Quotations From MARGARET OLIPHANT


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  • I could not help but say that Mr. Carlyle seemed the only virtuous philosopher we had. Upon which his wife answered, "My dear, if Mr. Carlyle's digestion had been stronger, there is no saying what he might have been!"
    Margaret Oliphant (1828-1897), British novelist, historian. Letter, c. May 1866, describing conversation between herself and Jane Welsh Carlyle, the wife of historian Thomas Carlyle. Published in Autobiography and Letters of Mrs. Margaret Oliphant (1899).
  • It has been my fate in a long life of production to be credited chiefly with the equivocal virtue of industry, a quality so excellent in morals, so little satisfactory in art.
    Margaret Oliphant (1828-1897), British novelist, historian. The Heir Presumptive and the Heir Apparent, preface (1892).

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  • Oh, never mind the fashion. When one has a style of one's own, it is always twenty times better.
    Margaret Oliphant (1828-1897), British novelist, historian. Miss Marjoribanks, in Miss Marjoribanks, ch. 31 (1866). Fourth of Chronicles of Carlingford.
  • For everybody knows that it requires very little to satisfy the gentlemen, if a woman will only give her mind to it.
    Margaret Oliphant (1828-1897), British novelist, historian. Miss Marjoribanks, ch. 13, Chronicles of Carlingford, no. 4 (1866).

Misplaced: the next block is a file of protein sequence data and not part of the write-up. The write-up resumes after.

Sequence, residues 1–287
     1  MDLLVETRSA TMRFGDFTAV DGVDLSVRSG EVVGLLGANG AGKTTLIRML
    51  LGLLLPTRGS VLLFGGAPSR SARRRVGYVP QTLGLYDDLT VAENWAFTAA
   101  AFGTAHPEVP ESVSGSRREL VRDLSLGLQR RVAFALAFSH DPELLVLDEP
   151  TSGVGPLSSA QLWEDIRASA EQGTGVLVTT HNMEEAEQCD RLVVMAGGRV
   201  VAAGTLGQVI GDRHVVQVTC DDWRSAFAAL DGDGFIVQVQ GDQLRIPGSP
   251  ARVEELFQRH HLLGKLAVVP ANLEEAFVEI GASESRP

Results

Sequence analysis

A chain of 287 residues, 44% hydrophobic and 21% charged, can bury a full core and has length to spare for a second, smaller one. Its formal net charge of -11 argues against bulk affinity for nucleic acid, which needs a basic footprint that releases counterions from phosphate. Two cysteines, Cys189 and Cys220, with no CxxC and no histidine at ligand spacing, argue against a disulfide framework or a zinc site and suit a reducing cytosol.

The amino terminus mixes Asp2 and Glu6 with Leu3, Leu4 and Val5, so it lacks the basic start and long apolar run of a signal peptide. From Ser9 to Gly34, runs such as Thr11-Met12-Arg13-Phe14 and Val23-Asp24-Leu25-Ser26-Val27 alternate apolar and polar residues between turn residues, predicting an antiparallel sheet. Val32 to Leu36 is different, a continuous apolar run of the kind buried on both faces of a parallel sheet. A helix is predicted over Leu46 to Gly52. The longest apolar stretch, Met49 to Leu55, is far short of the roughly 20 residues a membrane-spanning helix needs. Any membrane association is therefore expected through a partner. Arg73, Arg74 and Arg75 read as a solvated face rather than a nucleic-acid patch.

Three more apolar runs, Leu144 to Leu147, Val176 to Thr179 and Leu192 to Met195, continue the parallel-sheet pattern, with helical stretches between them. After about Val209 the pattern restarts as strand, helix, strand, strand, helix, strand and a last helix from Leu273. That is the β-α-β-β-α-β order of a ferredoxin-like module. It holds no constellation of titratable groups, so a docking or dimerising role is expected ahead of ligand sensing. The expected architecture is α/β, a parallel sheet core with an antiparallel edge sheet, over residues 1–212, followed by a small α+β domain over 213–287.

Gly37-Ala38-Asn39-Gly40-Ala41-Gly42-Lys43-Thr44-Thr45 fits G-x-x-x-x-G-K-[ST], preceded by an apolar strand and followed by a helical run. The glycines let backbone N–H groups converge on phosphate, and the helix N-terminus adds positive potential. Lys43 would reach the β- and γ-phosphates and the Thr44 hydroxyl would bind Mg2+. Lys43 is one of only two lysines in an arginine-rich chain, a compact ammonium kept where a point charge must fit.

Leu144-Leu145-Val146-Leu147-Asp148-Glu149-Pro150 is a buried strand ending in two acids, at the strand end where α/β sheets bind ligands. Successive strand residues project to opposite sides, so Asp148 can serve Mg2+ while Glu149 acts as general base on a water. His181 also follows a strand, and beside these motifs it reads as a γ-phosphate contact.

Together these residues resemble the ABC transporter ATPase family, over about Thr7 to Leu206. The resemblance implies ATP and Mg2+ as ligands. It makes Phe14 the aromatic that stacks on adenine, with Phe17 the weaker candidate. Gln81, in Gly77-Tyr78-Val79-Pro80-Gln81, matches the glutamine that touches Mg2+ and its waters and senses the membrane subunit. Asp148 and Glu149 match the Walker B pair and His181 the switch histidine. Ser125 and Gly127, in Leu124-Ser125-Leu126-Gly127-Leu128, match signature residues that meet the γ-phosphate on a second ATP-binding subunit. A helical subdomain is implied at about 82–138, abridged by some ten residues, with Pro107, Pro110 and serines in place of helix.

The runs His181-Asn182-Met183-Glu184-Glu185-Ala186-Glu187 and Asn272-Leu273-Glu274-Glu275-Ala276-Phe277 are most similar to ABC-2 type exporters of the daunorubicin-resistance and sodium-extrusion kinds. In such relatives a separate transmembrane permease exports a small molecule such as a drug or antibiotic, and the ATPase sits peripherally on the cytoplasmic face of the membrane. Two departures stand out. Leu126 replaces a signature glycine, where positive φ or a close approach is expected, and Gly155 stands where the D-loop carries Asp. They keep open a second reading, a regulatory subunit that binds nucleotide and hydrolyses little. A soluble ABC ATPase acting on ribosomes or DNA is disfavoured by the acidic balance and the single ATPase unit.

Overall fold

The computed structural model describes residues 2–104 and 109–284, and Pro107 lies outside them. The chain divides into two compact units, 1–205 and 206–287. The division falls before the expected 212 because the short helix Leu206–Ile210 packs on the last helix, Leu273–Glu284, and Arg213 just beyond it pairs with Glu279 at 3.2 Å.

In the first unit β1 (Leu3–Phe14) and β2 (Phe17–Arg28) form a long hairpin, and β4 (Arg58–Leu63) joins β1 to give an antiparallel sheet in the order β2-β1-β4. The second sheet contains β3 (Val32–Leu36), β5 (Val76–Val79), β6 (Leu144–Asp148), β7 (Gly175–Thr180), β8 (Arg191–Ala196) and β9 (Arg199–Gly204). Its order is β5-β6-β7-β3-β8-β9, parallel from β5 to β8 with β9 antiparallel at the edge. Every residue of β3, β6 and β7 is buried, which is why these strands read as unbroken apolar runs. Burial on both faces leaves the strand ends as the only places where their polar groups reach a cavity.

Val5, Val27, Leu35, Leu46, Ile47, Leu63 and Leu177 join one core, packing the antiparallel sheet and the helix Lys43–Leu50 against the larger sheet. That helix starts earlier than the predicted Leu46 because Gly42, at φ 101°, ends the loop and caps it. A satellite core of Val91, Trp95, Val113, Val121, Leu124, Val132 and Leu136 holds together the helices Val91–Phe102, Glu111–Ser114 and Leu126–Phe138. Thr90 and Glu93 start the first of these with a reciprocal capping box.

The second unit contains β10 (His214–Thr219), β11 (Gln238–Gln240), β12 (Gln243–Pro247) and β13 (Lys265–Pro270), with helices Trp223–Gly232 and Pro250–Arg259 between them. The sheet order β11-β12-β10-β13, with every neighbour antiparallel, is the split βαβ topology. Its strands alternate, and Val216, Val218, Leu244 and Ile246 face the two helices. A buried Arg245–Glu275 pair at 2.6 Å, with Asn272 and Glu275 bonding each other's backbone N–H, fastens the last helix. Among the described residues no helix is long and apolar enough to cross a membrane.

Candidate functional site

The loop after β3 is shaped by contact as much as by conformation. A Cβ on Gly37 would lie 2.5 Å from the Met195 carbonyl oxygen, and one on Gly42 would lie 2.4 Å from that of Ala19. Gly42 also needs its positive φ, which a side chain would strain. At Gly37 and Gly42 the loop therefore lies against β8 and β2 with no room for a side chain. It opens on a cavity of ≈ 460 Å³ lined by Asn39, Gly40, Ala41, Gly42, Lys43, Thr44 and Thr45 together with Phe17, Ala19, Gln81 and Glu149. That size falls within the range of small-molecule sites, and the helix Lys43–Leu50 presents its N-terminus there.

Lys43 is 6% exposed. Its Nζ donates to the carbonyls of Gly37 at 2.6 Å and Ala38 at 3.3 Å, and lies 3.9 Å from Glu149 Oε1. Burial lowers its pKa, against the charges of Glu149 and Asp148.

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  • There is something very solemn in the thought of a great spirit like hers entering the spiritual world which she did not believe in. If we are right in our faith, what a blessed surprise for her!
    Margaret Oliphant (1828-1897), British novelist, historian. Letter, December 26, 1880. Autobiography and Letters of Mrs. Margaret Oliphant (1899). Referring to novelist George Eliot, whose funeral was to be held shortly.

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  • Temptations come, as a general rule, when they are sought.
    Margaret Oliphant (1828-1897), British novelist, historian. Miss Marjoribanks, ch. 47 (1866). Fourth of Chronicles of Carlingford.
  • As for pictures and museums, that don't trouble me. The worst of going abroad is that you've always got to look at things of that sort. To have to do it at home would be beyond a joke.
    Margaret Oliphant (1828-1897), British novelist, historian. Clarence Copperhead, in Phoebe, Junior, ch. 26 (1876). The fifth of Chronicles of Carlingford.

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  • To have a man who can flirt is next thing to indispensable to a leader of society.
    Margaret Oliphant (1828-1897), British novelist, historian. Miss Marjoribanks, in Chronicles of Carlingford, no. 4, Miss Marjoribanks, ch. 13 (1866).
  • The first thing which I can record concerning myself is, that I was born.... These are wonderful words. This life, to which neither time nor eternity can bring diminution—this everlasting living soul, began. My mind loses itself in these depths.
    Margaret Oliphant (1828-1897), British novelist, historian. Memoirs and Resolutions of Adam Graeme, of Mossgray, vol. 1, bk. 1, ch. 1 (1852).

    Read more quotations about / on: time, life
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